I realize that I am developing some TNT with my Wild Ginger PMB software. I made another version of the first shift: 

The neckline is still a bit too open (I have gone back into the software and brought this in now) so I made a pleat and put on a button to tighten this version up a bit. 

I also let go of the facings which I replaced with binding. I much prefer binding armholes and necklines, and if you look at better RTW facings are not used half as much as they are in patterns. You get a nicer, neater dress without them.

I used some African cotton I picked up last summer and I love it. Despite earlier creations I am definitely a more geometric than floral patterned person and being a tall person too larger designs suit me, so I am always attracted to African prints. I used to have some fabric brought home for me from folks going to Africa and unfortunately it is hard to get a lot of the nice patterned wovens here that you find in say West Africa but the prints are still nice.

I also want to share something about invisible zippers. My good machine has been in the shop for two months now (got an email saying they are still working on it - what's going on?) and I have been using my ancient second hand Pfaff. The stitch on this machine is lovely but there aren't any accessory feet. So to put in an invisible zipper I went out and got one of those cheap generic kinds they sell at the fabric store and tried that.

Here is a picture of that foot in action:

The amazing thing is that this foot made putting in the invisible zipper about 1000% easier than the expensive invisible zipper foot I got for my main machine. Because you can just slide it over to where you want it so easily with this foot it is real simple to get it just where you want it. I also find that roller ball on the cheapo foot does a much better job of moving the coil of the zipper out of the way. I think I will keep using this foot even when my good machine comes home if ever that happens.

Incidental thoughts

I have a garment to post but before I do that I wanted to share a self observation and a few other things.

First of all my DD took a look at my last post and said to me "There is a reason they call them house dresses, that's because you aren't supposed to wear them outside the house, and you better not." She is probably right, I do not have a flower dress history.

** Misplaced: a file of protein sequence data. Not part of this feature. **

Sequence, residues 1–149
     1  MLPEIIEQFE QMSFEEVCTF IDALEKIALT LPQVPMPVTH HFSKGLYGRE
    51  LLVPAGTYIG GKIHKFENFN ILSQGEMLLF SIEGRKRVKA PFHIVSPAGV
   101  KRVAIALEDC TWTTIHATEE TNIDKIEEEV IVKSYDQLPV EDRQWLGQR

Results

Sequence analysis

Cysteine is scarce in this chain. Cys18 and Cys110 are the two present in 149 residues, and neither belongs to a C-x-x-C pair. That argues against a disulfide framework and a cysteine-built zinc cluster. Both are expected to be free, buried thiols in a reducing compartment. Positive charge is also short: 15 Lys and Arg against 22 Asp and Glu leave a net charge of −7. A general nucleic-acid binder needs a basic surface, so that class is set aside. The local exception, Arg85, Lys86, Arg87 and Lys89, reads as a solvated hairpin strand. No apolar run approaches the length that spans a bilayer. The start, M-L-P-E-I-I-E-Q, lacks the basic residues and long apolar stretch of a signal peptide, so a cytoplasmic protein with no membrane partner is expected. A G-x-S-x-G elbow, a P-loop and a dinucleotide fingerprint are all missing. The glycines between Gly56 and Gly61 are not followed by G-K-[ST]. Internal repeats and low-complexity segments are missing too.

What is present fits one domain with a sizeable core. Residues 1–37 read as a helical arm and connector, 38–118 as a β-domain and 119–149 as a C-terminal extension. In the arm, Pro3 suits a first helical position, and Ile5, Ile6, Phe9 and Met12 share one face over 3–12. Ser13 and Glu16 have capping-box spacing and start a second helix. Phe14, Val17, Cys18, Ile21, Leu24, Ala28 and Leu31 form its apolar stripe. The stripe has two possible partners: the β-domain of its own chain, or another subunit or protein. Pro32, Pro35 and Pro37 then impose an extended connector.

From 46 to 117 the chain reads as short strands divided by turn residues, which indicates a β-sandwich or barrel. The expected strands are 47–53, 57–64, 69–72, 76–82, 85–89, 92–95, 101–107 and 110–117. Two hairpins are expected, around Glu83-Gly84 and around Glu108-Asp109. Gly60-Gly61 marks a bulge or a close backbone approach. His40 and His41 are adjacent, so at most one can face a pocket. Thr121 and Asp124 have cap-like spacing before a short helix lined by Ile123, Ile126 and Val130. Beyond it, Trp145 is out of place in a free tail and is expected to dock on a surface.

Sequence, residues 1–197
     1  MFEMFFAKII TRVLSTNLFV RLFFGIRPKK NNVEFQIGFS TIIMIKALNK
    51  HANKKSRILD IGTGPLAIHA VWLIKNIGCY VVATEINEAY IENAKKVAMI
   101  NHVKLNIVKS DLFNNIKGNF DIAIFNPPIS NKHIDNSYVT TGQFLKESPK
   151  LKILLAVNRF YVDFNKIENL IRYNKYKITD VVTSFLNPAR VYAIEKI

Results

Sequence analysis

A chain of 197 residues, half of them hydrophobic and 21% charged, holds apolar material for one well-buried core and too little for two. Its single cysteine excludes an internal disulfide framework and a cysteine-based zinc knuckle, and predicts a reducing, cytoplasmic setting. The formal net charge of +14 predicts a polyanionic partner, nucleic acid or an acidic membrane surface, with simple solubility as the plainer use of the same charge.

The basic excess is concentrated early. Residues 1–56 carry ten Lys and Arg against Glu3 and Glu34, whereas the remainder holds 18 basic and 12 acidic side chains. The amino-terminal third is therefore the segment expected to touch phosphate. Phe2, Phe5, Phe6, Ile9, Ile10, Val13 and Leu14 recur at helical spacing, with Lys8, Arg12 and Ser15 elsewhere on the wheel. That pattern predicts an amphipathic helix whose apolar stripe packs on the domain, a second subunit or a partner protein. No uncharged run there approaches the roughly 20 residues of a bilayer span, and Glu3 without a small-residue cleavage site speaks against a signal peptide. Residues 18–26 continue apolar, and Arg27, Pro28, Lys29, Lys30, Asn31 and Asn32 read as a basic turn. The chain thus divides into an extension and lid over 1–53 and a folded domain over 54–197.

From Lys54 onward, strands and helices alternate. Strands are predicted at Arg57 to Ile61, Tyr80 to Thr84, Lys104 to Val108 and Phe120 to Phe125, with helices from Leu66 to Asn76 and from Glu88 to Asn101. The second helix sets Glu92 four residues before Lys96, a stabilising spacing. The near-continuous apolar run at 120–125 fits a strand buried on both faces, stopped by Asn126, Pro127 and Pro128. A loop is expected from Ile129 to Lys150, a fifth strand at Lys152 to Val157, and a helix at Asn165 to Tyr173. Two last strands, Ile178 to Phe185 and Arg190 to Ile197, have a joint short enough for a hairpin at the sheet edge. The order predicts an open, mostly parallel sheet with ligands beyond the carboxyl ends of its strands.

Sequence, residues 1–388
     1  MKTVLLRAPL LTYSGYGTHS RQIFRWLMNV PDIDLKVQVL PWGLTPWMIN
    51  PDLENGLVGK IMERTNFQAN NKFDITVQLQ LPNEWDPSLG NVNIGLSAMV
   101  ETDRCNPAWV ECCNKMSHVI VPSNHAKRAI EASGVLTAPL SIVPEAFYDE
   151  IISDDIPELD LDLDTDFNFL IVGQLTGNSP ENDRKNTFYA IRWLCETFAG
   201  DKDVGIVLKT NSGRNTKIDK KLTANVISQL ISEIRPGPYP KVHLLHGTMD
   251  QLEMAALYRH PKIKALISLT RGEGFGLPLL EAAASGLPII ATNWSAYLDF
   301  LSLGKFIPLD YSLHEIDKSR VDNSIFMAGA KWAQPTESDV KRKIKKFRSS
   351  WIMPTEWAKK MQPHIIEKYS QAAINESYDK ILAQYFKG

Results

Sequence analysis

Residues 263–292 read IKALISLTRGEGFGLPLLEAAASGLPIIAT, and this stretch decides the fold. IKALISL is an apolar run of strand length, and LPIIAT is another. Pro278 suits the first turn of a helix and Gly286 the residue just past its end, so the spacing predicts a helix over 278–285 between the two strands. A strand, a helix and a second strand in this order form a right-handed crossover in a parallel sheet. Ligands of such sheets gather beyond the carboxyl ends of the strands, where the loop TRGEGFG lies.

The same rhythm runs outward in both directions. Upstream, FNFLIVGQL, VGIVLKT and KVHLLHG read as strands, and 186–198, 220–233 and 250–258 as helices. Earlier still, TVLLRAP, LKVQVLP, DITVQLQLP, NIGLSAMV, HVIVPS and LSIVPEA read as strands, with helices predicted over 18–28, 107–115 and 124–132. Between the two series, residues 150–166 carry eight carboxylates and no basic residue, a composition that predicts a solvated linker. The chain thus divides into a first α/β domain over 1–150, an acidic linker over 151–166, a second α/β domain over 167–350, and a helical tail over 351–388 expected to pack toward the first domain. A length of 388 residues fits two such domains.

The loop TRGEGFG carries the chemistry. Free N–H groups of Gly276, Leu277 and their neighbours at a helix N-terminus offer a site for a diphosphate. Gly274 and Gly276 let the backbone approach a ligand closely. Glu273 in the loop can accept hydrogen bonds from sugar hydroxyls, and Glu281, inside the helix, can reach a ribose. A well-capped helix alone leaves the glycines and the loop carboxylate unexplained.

But looking at the last couple of things I have made I can see myself trying to work something out. I have one more month of full time work then I go part time after a month's holiday in May. I am going to be very busy this month finishing things up and getting things set up for summer classes before I go, and if you asked me how I felt about ending my full-time career I would have said I have no feelings about it either way.

But my sewing proves that wrong. 

After the focus for so long being things to wear to work, and there will still be some of that, but only half of it, I am wondering about transferring operations more formally to this house. I will be working from home and working in the home. Part of me is trying to figure out what that looks like. I don't want to think I am starting a left over life and I don't want to wear left over clothes, as in the comfortable things you put on when you come home from work.

I have been thinking things like, I will be a part-time housewife now, and when the thought went into my head I realized, because I also had only a few hours to sew, that I expressed that in making a few house dresses to process the thought.

Oh, to be so simple that even a cat could figure out why you do the things that you do.

I have kind of worked through that feeling and realized I will just retool and work on ways to be just as stylish at home.

The truth is that this is a good change for me and I am going to grow with it.